Cygwin1.DLL soon to be Windows Vista only

Christopher Faylor
Sun Apr 1 04:53:00 GMT 2007

After some intense discussion with Corinna, we've decided that we will
soon be removing all support for any version of Windows other than
Windows Vista 64.

I know that Corinna considers Vista to be the best in a long line of
Windows operating systems and I'm sure I'll agree as soon as I finally
get Vista installed.

So, in addition to dropping legacy support for the Windows 9x/Me
versions, we'll soon be dropping support for all versions of Windows
NT, Windows XP, and Windows 2003.  In fact, we'll be adding checks for
all of those OSes so that no one will unintentionally try to run Cygwin
on anything but Vista.  Attempts to run Cygwin on unapproved systems
will result in a message followed, five seconds later, by a reboot of
the system.  Successive attempts to run Cygwin will probably result in
something more severe than a reboot.  We haven't figured out exactly
what that will be.  I think it would be sort of funny to wipe out the
partition and install linux but that would bloat the size of the DLL by
more than 20%.

Anyway, the last version of Cygwin with support for non-legacy versions
of Windows will be 1.5.22.

We plan on adding improvements to Cygwin at a pretty rapid clip once we've
stabilized on Windows Vista.  Contemplated changes are:

1) A gcc-free version of Cygwin which does not require any compilers (this
was at the request of Microsoft and it should be doable).

2) Improvements to d2u to finally squash that CRLF problem:

  d2u --wholedisk --permanent

This command will wipe out every \r on your disk and mark the disk so
that it is subsequently impossible to have files with the \r character
in them.

3) A relaxation of the linux emulation requirements to make it easier to
port pure Windows programs to Cygwin without forcing the programs to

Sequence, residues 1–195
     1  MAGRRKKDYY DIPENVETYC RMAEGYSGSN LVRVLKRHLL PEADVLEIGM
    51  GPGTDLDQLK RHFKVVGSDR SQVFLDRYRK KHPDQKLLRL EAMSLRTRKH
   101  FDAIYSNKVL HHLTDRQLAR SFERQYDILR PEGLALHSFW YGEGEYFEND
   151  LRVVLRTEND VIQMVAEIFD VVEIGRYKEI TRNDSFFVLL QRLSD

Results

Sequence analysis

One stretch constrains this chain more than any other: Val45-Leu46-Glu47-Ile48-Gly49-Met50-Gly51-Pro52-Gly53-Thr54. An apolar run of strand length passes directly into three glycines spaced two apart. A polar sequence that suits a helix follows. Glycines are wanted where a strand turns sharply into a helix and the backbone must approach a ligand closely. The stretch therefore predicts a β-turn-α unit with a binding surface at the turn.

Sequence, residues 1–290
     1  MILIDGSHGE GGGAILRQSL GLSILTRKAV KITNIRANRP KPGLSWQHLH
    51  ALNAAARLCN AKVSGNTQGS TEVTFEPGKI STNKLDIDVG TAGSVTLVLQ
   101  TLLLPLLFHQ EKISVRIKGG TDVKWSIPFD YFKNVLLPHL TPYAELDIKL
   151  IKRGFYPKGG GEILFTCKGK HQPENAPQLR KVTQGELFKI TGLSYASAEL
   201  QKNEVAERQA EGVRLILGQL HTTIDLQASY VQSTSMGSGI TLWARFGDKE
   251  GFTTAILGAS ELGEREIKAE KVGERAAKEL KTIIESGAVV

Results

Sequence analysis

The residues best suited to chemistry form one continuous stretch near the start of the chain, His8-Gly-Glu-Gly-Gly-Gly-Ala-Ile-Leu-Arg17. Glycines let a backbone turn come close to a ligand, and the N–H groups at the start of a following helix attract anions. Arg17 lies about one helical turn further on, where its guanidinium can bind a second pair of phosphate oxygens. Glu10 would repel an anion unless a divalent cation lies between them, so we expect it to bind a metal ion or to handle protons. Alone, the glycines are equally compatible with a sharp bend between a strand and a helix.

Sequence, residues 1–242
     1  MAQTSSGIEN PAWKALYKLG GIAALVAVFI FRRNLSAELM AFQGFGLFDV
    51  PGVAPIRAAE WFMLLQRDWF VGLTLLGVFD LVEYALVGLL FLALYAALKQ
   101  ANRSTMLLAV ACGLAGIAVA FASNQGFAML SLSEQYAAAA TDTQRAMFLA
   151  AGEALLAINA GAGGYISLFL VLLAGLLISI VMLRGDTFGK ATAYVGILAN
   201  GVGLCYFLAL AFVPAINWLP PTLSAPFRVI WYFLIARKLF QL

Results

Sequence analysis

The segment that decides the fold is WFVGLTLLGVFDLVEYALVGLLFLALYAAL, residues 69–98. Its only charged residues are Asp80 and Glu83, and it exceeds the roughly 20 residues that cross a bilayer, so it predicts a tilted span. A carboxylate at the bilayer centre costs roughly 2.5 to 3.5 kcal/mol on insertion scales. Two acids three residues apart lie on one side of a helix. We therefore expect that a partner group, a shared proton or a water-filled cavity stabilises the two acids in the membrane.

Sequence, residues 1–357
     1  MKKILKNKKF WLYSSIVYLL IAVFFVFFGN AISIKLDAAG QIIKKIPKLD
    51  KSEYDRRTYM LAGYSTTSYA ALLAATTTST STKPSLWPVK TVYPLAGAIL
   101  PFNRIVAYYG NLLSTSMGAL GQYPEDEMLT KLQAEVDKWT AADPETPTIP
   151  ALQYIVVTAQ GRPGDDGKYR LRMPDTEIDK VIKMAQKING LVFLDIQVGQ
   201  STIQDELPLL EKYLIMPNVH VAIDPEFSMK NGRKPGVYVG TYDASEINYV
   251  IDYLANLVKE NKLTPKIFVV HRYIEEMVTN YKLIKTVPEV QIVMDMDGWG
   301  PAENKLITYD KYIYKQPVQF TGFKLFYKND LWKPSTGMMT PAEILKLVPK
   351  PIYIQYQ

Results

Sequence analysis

understand Linux.  This should result in a massive influx of Windows
programmers who will contribute useful code that is not hampered by the
strictures of the user-unfriendly Linux OS.

4) A --mascot command line option will be automatically understood by
any program which uses the Cygwin DLL.  It will cause a picture of a
hippo to be displayed.  (--nomascot will defeat this option)

5) A relaxation of the rules for package inclusion.  Packages will no
longer absolutely require maintainers.  Instead, the "upset" program will
scan the internet for likely windows programs and automatically add
these to setup.ini.  This will eliminate the huge wall which currently
exists to impede inclusion of programs to the cygwin release.

6) A total rewrite of setup.exe to make it less linux-like.  The plan
is to make setup.exe browser based via ActiveX scripts.

7) A move away from the GPL into something less restrictive.  Red Hat
lawyers are working on this now.  The intent is to change the "viral"
nature of Cygwin's licensing so that programs which link with Cygwin are
no longer GPLed.  Instead, in keeping with Red Hat's licensing, the
programs will just be automatically owned by Red Hat.  Red Hat will
license any Cygwin program back, royalty free, to the program author for
the period of one year.  It is expected that this arrangement will
continue indefinitely and it is hoped that this will eliminate all of
the confusion currently accompanied by the Cygwin's license model.

The new Red Hat slogan for Cygwin will be "All your programs are
belong to us.  Trust us.  We're not Microsoft."

8) Addition of a "--explain" option to cygserver which will explain the
cygserver source code in German, English, or Canadian.

9) A rewrite of Cygwin's fork code using the advanced Windows Vista
copy-on-right semantics.  This new interface can be used to emulate
forking with only the addition of security dialog boxes for every fork,
once per program.  Once the dialog boxes are dismissed this new
technology will allow us to copy only the "right" data/code into the
newly forked process.  We think this will result in quite a change
for programs which use fork.

10) More frequent releases of the Cygwin DLL.  We hope to release the
DLL on either a weekly or a biweekly basis starting in May.

There are many more changes contemplated but I've listed some of the
more exciting ones above.  If we can do even 100% of all of the things
we've planned I think that 2007 could be the best year for Cygwin ever!
Christopher Faylor			spammer? ->
Cygwin Co-Project Leader

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